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XIV.
LONDON,

1802.

Milton! thou should'st be living at this hour:England hath need of thee: she is a fen Of stagnant waters: altar, sword and pen, Fireside, the heroic wealth of hall and bower, Have forfeited their ancient English dower Of inward happiness. We are selfish men; Oh! raise us up, return to us again;And give us manners, virtue, freedom, power. Thy soul was like a Star and dwelt apart: Thou hadst a voice whose sound was like the sea Pure as the naked heavens, majestic, free, So didst thou travel on life's common way, In cheerful godliness; and yet thy heart The lowliest duties on itself did lay.

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GitEAT Men have been among us; hands that penn'd

And tongues that uttered wisdom, better none:

The later Sydney, Marvel, Harrington,

Young Vane, and others who called Milton Friend.

These Moralists could act and comprehend:

They knew how genuine glory was put on;

Taught us how rightfully a nation shone

In splendor: what strength was, that would not bend

But in magnanimous meekness. France, 'tis strange

Hath brought forth no such souls as we had then.

Perpetual emptiness ! unceasing change!

No single Volume paramount, no code,

No master spirit, no determined road;

But equally a want of Books and Men J v

XVI.

It is not to-be thought of that the Flood
Of British freedom, which to the open Sea
Of the world's praise from dark antiquity
Hath flowed, " with pomp of waters, unwithstood,"
Road by which all might come and go that would,
And bear out freights of worth to foreign lands;
That this most famous Stream in Bogs and Sands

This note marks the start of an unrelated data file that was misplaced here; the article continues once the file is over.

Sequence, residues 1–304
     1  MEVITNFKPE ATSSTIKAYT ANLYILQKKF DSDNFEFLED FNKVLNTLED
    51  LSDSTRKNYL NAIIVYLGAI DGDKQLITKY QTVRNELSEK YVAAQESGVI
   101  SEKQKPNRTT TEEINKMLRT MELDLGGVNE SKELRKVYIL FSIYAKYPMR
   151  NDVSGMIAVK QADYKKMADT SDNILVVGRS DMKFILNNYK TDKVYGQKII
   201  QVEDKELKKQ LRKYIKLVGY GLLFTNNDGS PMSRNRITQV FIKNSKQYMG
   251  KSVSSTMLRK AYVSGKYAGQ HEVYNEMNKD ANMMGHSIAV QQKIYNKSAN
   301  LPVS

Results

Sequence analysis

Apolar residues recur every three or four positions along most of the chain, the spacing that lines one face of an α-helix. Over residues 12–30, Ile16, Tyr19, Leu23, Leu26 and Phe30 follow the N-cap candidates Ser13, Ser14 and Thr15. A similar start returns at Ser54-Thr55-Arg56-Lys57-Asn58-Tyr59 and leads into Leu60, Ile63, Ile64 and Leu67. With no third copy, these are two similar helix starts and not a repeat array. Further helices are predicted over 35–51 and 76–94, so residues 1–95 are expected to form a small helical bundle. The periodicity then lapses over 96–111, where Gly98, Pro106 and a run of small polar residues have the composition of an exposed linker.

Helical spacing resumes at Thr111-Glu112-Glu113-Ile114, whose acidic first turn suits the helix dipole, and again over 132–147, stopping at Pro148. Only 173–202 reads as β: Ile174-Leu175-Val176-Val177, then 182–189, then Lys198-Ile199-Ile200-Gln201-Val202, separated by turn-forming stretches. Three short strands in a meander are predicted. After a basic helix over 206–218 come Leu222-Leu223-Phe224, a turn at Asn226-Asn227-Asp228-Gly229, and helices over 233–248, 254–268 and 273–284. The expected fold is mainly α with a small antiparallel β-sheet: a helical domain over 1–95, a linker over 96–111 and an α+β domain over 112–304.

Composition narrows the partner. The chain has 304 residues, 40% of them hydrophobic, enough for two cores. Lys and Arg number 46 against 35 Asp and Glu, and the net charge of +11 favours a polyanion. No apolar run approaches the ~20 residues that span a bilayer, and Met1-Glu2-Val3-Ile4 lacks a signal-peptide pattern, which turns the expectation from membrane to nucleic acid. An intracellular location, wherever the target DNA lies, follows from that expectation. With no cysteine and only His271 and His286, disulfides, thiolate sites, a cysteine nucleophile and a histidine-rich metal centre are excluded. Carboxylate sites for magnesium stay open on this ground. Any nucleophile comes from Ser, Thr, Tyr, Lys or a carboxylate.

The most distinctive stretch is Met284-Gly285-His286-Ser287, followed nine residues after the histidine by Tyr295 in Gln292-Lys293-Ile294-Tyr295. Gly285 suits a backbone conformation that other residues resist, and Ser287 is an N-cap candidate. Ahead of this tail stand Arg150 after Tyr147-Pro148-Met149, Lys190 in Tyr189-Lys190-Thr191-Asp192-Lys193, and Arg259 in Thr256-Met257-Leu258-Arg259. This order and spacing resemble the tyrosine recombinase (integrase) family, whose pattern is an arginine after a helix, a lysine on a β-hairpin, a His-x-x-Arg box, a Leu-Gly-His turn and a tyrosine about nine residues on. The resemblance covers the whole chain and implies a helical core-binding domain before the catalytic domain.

Should perish; and to evil and to good
Be lost for ever. In our Halls is hung
Armoury of the invincible Knights of old:
We must be free or die, who speak the tongue
That Shakespeare spake; the faith and morals hold
Which Milton held.—In every thing we are sprung
Of Earth's first blood, have titles manifold.

xvir.

When I have borne in memory what has tamed

Great Nations, how ennobling thoughts depart

When men change Swords for Ledgers, and desert

The Student's bower for gold, some fears unnamed

I had, my Country! am I to be blamed?

But, when I think of Thee, and what Thou art,

Verily, in the bottom of my heart,

Of those unfilial fears I am ashamed.

But dearly must we prize thee; we who find

In thee a bulwark of the cause of men;

And I by my affection was beguiled.

What wonder, if a Poet, now and then,

Among the many movements of his mind,

Felt for thee as a Lover or a Child.

XVIII.

October, 1803.

One might believe that natural miseries
Had blasted France, and made of it a land
Unfit for Men; and that in one great Band
Her Sons were bursting forth, to dwell nt ease.
But 'tis a chosen soil, where sun and breeze
Shed gentle favors; rural works are there;
And ordinary business without care;
Spot rich in all things that can soothe and please!
How piteous then that there should be such dearth
Of knowledge; that whole myriads should unite
To work against themselves such fell despite:
Should come in phrenzy and in drunken mirth,
Impatient to put out the only light
Of Liberty that yet remains on Earth!

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